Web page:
Two dredgers are trying to free container ship Ever Given

The Suez Canal Authority has deployed two dredgers to help free the container ship Ever Given, which grounded in the Suez Canal on Tuesday 23 March. It concerns the cutter suction dredgers Tenth of Ramadan and Mashhour.

The 1,493-kW Tenth of Ramadan has been on site since Wednesday evening but was joined on Thursday evening by the much more powerful Royal IHC built 22,400-kW Mashhour. Dredging takes place in coordination with the Dutch salvage company Smit.

The Suez Canal Authority says the dredging works aim to remove the sand surrounding the bow of the ship with dredging quantities ranging from 15 to 20 thousand cubic metres of sand to reach the draft suitable for floating, which ranges from 12 to 16 metres.

Ever Given

The Ever Given grounded on Tuesday allegedly due to strong winds during a dust storm. The ship is now wedged sideways across the Canal blocking all traffic causing major disruption to shipping. Hundreds of ships are now queueing to cross the channel.

The longer the blockage of the Suez Canal by container ship Ever Given lasts, the bigger the impact on international trade and logistics. The delay and the growing queues of waiting ships will put a lot of pressure on the handling of these ships’ cargoes at the various terminals in the northwestern European ports, including the Port of Rotterdam.

Uncertain

Earlier this week, Peter Berdowski, CEO of Boskalis, which is the parent company of Smit Salvage, said refloating the vessel could take days to weeks. However, the Egyptian government’s advisor on seaports, Mohab Mamish, was more confident about the time it would take to resolve the blockade.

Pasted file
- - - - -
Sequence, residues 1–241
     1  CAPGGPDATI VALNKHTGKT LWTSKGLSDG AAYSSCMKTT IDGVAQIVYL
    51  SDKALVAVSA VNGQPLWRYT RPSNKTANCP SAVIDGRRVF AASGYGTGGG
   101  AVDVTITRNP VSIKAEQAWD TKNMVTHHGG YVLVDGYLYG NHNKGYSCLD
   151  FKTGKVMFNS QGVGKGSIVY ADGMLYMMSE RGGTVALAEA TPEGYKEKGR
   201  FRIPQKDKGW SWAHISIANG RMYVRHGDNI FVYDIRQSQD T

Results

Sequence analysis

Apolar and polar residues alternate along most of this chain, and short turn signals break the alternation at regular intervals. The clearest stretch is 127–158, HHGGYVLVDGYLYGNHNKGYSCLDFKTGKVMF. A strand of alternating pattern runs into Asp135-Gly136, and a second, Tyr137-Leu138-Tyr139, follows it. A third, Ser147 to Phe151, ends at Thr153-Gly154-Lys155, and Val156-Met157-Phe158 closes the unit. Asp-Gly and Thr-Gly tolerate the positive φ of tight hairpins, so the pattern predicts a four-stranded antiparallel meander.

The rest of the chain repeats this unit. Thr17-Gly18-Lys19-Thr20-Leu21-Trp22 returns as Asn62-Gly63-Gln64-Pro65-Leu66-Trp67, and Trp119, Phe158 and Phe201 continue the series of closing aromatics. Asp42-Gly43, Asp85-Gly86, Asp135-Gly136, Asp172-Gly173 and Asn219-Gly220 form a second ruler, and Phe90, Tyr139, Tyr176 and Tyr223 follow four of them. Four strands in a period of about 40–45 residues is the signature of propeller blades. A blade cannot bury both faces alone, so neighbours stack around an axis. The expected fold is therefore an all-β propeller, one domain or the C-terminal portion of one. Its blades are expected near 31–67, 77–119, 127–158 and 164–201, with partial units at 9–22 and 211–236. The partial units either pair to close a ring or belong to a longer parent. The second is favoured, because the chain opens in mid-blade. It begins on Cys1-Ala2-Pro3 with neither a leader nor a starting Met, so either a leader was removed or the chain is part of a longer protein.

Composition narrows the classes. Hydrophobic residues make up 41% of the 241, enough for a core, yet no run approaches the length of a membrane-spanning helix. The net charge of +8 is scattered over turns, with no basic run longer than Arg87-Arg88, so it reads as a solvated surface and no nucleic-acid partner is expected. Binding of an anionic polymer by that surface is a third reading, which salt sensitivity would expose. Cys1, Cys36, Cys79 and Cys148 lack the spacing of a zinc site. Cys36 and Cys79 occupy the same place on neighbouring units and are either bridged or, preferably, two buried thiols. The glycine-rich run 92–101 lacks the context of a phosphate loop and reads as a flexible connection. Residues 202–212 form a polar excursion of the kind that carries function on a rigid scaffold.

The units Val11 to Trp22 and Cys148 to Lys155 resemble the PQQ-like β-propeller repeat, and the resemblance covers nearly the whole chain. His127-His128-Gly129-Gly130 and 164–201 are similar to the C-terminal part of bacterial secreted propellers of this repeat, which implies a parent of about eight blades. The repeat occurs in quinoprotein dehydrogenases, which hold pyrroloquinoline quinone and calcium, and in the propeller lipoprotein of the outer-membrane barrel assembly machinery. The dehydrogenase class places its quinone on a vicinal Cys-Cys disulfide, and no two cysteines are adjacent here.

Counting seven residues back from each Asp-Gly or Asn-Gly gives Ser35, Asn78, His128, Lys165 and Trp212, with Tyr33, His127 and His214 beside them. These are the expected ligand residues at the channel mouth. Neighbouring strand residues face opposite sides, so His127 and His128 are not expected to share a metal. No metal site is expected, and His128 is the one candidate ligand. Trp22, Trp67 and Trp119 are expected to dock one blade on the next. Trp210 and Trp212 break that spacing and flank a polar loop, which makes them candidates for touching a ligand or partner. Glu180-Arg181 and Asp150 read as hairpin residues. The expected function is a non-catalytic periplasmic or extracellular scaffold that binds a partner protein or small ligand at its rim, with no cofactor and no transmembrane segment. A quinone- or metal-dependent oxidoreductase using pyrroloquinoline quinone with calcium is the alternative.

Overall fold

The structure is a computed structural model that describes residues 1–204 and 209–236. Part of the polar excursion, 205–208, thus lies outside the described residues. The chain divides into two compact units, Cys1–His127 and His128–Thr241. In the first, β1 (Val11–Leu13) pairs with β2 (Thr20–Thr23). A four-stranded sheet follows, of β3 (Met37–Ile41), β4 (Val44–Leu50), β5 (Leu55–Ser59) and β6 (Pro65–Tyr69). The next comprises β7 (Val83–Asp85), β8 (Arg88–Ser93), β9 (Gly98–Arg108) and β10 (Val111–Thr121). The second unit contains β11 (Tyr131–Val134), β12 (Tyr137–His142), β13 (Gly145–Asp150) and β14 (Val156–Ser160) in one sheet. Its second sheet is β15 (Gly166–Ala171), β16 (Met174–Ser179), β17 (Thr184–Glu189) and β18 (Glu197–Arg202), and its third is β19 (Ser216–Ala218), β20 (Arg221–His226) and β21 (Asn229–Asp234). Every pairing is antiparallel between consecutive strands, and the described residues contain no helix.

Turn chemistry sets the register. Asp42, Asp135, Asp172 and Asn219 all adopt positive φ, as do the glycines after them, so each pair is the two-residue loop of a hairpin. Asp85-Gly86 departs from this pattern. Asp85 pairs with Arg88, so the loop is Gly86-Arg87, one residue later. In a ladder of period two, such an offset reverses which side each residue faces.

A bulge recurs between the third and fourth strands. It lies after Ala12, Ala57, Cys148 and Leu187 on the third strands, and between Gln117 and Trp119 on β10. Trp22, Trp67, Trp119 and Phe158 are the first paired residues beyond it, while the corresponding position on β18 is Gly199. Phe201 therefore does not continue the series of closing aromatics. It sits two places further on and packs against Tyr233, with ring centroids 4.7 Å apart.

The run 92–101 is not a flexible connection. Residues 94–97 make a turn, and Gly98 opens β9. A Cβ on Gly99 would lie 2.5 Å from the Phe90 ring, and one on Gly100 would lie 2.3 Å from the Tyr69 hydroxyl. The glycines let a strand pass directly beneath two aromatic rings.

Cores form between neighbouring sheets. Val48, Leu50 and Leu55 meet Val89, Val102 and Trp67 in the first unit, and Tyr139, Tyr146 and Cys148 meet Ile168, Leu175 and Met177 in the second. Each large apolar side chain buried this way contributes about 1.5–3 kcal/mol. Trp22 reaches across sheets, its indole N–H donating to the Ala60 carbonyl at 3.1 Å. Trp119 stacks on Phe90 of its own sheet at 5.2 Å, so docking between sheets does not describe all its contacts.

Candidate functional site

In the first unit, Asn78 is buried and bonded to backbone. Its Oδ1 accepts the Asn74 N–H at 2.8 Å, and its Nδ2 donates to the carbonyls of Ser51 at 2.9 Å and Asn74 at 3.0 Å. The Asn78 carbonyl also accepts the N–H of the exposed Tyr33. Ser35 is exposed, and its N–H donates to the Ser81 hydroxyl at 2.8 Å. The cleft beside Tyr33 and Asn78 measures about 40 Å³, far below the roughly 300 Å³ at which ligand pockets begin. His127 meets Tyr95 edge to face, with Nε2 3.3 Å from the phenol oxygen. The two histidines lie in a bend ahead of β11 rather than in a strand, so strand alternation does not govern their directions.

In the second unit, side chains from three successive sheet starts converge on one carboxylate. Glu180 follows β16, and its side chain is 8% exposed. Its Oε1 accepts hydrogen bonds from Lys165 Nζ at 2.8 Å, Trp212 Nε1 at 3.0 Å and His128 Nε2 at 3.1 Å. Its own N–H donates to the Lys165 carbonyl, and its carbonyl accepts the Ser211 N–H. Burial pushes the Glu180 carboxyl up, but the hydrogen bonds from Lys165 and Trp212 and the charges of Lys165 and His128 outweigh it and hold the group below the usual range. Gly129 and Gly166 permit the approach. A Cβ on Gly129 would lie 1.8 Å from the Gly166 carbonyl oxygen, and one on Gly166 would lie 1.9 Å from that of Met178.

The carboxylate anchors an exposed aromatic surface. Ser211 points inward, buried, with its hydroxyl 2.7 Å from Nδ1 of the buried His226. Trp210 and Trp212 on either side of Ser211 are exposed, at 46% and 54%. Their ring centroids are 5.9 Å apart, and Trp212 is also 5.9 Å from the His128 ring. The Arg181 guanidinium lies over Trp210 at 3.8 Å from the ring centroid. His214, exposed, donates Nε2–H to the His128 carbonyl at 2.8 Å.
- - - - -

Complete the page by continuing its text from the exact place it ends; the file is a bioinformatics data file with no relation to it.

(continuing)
Speaking to AFP news agency, he said that ships “will be able to sail again within 48 to 72 hours”. “I have experience in multiple rescue operations and as a former top executive of the Suez Canal Authority I know every inch of the canal”, Mamish added.

This article first appeared on SWZ|Maritime, a sister publication of PCJ. 

Author: Mariska Buitendijk

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Two dredgers are trying to free container ship Ever Given | Project Cargo Journal

Two dredgers are trying to free container ship Ever Given

The Suez Canal Authority has deployed two dredgers to help free the container ship Ever Given, which grounded in the Suez Canal on Tuesday 23 March. It concerns the cutter suction dredgers Tenth of Ramadan and Mashhour.

The 1,493-kW Tenth of Ramadan has been on site since Wednesday evening but was joined on Thursday evening by the much more powerful Royal IHC built 22,400-kW Mashhour. Dredging takes place in coordination with the Dutch salvage company Smit.

The Suez Canal Authority says the dredging works aim to remove the sand surrounding the bow of the ship with dredging quantities ranging from 15 to 20 thousand cubic metres of sand to reach the draft suitable for floating, which ranges from 12 to 16 metres.

Ever Given

The Ever Given grounded on Tuesday allegedly due to strong winds during a dust storm. The ship is now wedged sideways across the Canal blocking all traffic causing major disruption to shipping. Hundreds of ships are now queueing to cross the channel.

The longer the blockage of the Suez Canal by container ship Ever Given lasts, the bigger the impact on international trade and logistics. The delay and the growing queues of waiting ships will put a lot of pressure on the handling of these ships’ cargoes at the various terminals in the northwestern European ports, including the Port of Rotterdam.

Uncertain

Earlier this week, Peter Berdowski, CEO of Boskalis, which is the parent company of Smit Salvage, said refloating the vessel could take days to weeks. However, the Egyptian government’s advisor on seaports, Mohab Mamish, was more confident about the time it would take to resolve the blockade.

Speaking to AFP news agency, he said that ships “will be able to sail again within 48 to 72 hours”. “I have experience in multiple rescue operations and as a former top executive of the Suez Canal Authority I know every inch of the canal”, Mamish added.

This article first appeared on SWZ|Maritime, a sister publication of PCJ. 

Author: Mariska Buitendijk

Add your comment

characters remaining.

Log in through one of the following social media partners to comment.